Q: I’m a 41 year old stay-at-home mom with 2 boys who are 13 and 16. I just took the real estate exam in Georgia and passed with a 94 percent grade.

I thought it was a great idea to go into the real estate business, but now I am scared to death and don’t know where to start looking for a broker who will hire me.

The two brokerage firms I’m considering are a little different. One is a strong local company and the other has a big national name. Any thoughts on which might be a better fit?

The national brand seems to have better recognition locally. But the other company supposedly has an extra-good training program.

My husband has a good job, so we’re not depending on whatever income I bring in, but I can’t afford to spend a lot on start up fees. I’d appreciate any thoughts you may have. How should I go about looking for the best match for me?

A: Congratulations on passing your licensing exam. That’s an important and necessary first step toward entering a career in real estate.

And, you’re smart to think about training. While you may know some of the nuts and bolts, you don’t really understand yet how it all fits together. You need some hard-core experience. Only by working with someone who can train you will you begin to understand how buyers, sellers, and agents work together. Each office will handle training in a different way.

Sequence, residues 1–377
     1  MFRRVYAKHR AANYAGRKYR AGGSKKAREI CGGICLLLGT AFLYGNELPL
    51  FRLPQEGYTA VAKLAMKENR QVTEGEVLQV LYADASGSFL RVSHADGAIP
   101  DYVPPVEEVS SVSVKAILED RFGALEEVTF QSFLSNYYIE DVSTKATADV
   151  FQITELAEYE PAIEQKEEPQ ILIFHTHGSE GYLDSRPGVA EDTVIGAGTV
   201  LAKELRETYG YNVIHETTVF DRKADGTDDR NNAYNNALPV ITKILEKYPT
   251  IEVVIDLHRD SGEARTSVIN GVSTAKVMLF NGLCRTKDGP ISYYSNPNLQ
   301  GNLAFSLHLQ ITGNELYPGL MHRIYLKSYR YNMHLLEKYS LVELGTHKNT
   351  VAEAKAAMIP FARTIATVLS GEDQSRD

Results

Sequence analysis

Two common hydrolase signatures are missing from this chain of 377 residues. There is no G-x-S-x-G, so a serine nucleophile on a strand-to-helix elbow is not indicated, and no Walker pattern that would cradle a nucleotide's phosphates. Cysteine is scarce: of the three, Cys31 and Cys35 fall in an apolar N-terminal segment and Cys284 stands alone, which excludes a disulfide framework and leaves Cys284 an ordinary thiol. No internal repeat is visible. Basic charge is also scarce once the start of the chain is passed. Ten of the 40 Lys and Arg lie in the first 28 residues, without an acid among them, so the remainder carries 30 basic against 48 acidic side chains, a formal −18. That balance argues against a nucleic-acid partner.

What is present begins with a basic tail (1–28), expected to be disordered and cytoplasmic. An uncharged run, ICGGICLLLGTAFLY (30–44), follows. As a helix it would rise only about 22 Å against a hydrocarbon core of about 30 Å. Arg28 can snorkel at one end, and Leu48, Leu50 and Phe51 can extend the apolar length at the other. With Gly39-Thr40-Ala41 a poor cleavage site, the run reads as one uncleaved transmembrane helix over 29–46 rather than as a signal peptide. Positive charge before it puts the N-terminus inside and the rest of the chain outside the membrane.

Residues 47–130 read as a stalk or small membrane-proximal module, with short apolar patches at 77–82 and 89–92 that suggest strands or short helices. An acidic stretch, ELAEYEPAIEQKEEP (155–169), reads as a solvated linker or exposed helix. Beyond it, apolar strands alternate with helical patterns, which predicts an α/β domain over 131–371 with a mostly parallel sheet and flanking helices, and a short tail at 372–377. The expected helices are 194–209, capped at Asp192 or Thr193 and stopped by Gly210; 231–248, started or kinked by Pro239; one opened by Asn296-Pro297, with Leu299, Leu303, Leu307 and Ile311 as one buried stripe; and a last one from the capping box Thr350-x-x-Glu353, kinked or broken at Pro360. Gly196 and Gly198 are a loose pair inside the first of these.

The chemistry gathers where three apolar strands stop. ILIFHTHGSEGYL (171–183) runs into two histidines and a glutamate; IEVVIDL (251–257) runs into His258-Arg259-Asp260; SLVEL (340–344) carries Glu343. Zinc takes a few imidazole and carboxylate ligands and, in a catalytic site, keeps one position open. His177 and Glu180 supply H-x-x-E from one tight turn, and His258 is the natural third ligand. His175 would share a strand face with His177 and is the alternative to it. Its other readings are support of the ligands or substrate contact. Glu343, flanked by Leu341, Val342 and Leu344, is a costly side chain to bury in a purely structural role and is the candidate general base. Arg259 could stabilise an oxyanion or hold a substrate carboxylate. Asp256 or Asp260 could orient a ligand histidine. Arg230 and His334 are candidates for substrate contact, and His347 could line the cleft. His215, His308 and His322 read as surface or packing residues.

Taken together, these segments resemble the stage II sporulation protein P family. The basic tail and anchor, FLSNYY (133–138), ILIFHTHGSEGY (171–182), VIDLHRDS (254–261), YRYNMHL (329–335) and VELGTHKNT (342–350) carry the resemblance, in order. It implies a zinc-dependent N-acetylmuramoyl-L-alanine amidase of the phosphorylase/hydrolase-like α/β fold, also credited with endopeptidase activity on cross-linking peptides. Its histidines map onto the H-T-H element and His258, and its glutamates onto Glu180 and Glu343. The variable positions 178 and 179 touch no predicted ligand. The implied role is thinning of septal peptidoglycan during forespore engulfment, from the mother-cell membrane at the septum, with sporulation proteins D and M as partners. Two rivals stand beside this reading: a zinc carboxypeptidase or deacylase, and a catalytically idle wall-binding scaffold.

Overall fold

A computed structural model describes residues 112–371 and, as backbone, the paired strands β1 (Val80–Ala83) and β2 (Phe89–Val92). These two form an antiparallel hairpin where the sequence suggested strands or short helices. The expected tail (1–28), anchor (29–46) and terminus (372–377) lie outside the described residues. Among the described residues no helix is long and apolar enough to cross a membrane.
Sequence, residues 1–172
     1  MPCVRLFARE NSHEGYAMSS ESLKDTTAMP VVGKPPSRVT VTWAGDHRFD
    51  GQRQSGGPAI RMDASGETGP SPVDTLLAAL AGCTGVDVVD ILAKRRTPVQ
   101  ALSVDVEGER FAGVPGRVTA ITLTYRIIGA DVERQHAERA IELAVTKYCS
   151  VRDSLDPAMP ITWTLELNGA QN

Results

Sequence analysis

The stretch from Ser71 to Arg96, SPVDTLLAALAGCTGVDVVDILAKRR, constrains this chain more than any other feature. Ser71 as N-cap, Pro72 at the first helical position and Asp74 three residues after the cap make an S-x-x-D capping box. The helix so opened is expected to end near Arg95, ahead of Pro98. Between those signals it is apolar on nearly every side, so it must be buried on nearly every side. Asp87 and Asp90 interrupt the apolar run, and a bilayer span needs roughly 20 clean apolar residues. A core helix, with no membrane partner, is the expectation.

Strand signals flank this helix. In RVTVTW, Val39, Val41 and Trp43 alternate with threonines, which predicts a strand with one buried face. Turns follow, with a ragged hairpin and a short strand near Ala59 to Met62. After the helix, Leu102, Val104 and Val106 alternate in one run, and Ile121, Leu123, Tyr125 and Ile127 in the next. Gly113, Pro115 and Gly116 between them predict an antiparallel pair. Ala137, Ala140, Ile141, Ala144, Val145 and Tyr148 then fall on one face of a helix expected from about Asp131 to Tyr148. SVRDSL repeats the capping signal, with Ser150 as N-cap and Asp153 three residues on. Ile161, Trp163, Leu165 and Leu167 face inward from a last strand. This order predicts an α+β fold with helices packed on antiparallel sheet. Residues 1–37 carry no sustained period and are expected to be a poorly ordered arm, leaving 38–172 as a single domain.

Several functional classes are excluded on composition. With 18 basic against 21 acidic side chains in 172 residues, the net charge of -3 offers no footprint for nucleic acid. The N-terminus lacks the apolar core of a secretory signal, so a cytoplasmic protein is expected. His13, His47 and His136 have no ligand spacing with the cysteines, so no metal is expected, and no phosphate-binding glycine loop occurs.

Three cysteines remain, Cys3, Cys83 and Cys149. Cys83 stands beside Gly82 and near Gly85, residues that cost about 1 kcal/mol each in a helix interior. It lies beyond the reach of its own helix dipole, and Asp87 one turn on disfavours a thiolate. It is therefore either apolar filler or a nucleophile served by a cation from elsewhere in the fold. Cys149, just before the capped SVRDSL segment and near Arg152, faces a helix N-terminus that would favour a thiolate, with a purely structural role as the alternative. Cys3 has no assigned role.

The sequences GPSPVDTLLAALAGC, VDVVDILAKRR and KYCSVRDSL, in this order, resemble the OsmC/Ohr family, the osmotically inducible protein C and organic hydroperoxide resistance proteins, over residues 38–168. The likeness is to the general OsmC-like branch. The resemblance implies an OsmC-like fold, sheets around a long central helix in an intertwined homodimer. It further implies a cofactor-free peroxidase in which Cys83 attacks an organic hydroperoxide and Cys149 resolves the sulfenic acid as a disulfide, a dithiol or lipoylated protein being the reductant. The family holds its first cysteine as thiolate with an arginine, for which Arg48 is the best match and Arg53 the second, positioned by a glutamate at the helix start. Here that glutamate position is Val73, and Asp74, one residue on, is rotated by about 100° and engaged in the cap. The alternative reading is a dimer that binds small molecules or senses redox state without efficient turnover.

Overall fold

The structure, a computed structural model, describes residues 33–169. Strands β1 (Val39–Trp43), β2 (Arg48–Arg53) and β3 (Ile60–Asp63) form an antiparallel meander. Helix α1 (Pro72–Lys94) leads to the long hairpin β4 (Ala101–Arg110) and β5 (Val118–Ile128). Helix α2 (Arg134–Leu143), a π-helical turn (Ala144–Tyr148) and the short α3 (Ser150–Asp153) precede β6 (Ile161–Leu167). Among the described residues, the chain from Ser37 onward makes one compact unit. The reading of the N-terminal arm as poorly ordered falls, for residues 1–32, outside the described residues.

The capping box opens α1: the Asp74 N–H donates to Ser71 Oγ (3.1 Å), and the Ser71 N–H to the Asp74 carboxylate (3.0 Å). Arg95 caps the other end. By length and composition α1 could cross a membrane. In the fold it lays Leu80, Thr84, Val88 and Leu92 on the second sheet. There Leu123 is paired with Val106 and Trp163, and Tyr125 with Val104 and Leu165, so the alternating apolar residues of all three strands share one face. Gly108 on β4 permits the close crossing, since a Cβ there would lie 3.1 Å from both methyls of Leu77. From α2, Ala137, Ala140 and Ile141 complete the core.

My best suggestion for you is to call the managing brokers of the top five firms near to where you live. Then, for kicks, call the biggest real estate offices in your entire metro area.

Ask each office’s managing broker if he or she is looking for additional agents. Then, ask if the firm has an apprentice program. Often, firms will pair new agents with highly-experienced agents. You basically act as the agent’s assistant for 6 months or a year (or longer) until you start to develop business on your own. Sometimes the agent pays you an hourly rate, and sometimes it’s strictly commission based.

In the beginning, the money that comes in is beside the point. The big deal for you is that you’re able to shadow an experienced agent and watch how he or she conducts business. You’ll do showings, learn how the paperwork flows, and assist in the transaction. Hopefully you’ll get to see how a well-seasoned agent handles a few difficult transactions as well.

Getting ongoing training from experienced agents is crucial to being a success in real estate. The best firms offer this to their most promising agents. Be sure to ask each managing broker how the firm trains its new agents.

Finally, the best agents work full-time. As the real estate market slows down, it will take more work — not less — to be a successful agent. And, that typically means being available 24/7/365. If you’re willing to make that commitment, and to spend the time it takes learning how to really sell and show property, you’ll do well in this business.

Good luck.

April 10, 2006.